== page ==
„And Kenya was the only one of the 5 EAC countries to be directly penalised if the EPA was not signed and ratified by 1 October 2016.” Under those circumstances, and if no settlement was found before 1 October 2016, Kenya stood to lose its second most important export destination market overnight. This would have directly affected over 4 million people in Kenya and potentially trigger the closing down of more than 200 firms in the floriculture, horticulture and agro-processed industries, with investments estimated over 2billion EUR.

Destroyed
Last August, a Kenyan trading delegation left for Brussels, in order to convince the EU that not having a special agreement between the EU and Kenya, wouldn’t just destroy the Kenyan flower industry, but would affect the floricultural market worldwide. Companies which import flowers from Kenya will also be hit. 

The trade delegation made its case in presentations to the European Parliament and the European Commission and expressed its readiness to sign the EPA immediately in order to maintain the EU’s preferential treatment of Kenya.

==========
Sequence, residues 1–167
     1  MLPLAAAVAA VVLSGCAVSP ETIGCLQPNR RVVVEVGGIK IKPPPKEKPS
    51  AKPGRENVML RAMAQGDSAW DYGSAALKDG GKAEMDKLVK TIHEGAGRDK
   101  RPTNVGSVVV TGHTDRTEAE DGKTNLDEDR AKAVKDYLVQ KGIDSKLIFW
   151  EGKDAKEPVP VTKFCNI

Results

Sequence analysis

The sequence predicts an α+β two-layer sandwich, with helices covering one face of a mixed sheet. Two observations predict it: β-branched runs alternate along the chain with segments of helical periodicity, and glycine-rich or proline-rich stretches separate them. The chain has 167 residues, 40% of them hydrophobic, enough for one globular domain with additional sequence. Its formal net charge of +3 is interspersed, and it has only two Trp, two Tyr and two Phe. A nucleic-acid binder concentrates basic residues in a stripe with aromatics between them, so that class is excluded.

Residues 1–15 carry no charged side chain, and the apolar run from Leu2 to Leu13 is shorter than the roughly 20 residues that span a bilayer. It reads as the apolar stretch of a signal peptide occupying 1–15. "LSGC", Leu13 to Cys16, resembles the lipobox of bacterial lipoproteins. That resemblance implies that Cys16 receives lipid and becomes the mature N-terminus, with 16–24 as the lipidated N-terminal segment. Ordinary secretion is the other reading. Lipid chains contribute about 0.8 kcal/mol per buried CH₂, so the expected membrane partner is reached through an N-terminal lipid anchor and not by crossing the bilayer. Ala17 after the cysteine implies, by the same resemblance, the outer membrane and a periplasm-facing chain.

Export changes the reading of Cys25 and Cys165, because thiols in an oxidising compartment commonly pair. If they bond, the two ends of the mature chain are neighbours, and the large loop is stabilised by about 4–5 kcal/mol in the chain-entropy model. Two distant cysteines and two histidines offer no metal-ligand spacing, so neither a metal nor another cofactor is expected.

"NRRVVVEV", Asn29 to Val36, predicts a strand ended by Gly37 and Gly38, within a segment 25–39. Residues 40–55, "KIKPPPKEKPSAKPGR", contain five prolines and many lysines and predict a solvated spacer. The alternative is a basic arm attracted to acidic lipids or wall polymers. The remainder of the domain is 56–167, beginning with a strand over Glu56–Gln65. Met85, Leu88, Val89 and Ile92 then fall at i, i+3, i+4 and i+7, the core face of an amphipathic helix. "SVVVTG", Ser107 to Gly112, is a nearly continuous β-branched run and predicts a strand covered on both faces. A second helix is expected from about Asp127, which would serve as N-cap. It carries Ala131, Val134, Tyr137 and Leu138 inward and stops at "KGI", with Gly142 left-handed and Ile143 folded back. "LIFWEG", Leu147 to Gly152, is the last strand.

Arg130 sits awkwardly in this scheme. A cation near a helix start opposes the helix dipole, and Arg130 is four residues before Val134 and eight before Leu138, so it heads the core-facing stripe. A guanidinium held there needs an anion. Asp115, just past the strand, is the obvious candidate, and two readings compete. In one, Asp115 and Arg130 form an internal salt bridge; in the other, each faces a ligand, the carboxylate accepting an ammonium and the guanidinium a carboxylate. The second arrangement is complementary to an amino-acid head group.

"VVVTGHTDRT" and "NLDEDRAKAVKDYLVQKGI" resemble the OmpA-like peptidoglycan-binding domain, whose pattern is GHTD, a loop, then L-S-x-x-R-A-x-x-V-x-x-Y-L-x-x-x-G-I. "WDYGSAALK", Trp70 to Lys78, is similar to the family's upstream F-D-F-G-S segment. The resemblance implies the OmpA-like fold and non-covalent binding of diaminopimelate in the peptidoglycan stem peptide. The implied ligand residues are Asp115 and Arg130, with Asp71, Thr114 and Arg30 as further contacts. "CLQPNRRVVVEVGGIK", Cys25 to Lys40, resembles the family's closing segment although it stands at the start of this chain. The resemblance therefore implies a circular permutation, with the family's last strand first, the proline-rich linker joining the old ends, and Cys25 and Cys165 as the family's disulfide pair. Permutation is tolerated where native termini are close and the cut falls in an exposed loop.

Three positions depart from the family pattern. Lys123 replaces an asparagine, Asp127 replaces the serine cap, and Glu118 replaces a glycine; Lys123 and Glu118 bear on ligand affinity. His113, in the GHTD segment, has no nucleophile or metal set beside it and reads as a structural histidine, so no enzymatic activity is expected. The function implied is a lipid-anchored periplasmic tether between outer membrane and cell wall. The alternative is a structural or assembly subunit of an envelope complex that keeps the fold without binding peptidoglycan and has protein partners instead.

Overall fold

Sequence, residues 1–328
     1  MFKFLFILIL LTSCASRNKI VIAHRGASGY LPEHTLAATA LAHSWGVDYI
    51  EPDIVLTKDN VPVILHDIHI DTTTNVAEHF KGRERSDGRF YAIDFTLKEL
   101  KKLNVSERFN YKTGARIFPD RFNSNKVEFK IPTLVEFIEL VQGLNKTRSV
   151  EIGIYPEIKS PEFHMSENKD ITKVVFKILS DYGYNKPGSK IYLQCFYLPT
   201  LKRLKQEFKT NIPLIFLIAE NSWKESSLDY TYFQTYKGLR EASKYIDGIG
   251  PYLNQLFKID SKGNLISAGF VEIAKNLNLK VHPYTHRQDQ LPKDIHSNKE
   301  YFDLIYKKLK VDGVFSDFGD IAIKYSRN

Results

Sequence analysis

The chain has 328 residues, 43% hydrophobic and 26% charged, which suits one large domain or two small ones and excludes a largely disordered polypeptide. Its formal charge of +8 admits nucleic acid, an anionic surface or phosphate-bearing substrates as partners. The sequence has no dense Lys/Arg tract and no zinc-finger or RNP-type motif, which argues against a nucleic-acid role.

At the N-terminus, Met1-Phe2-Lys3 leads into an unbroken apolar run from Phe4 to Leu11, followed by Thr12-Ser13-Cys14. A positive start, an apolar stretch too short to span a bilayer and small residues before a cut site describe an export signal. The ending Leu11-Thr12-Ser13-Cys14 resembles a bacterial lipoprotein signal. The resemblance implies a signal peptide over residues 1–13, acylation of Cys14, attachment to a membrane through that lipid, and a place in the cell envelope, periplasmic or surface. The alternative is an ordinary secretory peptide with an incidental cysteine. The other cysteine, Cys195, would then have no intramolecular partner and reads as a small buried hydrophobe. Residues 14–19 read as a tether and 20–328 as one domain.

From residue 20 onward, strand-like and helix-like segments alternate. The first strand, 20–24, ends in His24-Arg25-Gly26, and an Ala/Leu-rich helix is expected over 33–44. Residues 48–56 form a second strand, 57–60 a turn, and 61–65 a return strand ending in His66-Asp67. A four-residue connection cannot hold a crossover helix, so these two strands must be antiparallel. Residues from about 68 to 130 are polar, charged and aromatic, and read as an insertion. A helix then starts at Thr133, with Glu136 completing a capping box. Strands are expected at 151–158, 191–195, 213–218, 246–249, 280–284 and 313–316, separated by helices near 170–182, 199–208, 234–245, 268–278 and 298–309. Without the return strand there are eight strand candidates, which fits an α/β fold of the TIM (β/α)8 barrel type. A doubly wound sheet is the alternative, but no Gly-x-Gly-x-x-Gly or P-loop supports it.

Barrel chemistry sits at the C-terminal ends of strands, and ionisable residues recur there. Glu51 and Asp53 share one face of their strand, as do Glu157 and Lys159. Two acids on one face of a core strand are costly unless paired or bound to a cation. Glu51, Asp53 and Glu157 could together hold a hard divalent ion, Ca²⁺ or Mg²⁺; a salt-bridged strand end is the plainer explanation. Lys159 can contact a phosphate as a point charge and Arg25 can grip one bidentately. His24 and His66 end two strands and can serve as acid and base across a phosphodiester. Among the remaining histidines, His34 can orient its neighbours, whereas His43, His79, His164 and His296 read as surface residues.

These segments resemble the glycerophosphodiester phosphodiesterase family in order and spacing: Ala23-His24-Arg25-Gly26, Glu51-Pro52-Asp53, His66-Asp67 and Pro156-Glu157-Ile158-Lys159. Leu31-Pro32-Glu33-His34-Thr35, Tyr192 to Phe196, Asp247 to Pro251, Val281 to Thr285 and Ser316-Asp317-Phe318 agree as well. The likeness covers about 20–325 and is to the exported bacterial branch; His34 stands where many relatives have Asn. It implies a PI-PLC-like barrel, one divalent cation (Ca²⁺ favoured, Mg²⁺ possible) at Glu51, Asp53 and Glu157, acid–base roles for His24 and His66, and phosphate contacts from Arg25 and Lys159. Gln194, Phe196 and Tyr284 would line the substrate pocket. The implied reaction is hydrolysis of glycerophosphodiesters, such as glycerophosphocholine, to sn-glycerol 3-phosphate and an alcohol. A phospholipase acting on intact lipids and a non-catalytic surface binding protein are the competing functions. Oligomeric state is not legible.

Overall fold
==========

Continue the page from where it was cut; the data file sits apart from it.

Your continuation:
Union Fleurs and the Kenya Flower Council were part of the trade delegation, which was led by the Kenyan Minister of Trade Mr. Adan Mohamed. Mamias stresses that the delegation tried to give Brussels the bigger picture. 

“The horticultural industry is a very big employer in Kenya and many people depend on flower export in an indirect way as well. It provides people with a future and a job. If the flower industry collapsed, this would have a huge effect on the entire economy and society.” This is what the delegation tried to explain to the various EU bodies, says Mamias. 

“Kenyans would no longer have a future in their own country and might leave. They would try to go to Europe, because they need work to survive. Duty-free import in the EU simply offers the best perspective for Kenya and for the EU. The flower industry is keeping people busy and keeps them away from poverty and insecurity. Don’t take away Kenya’s flower industry, because its influence is huge.”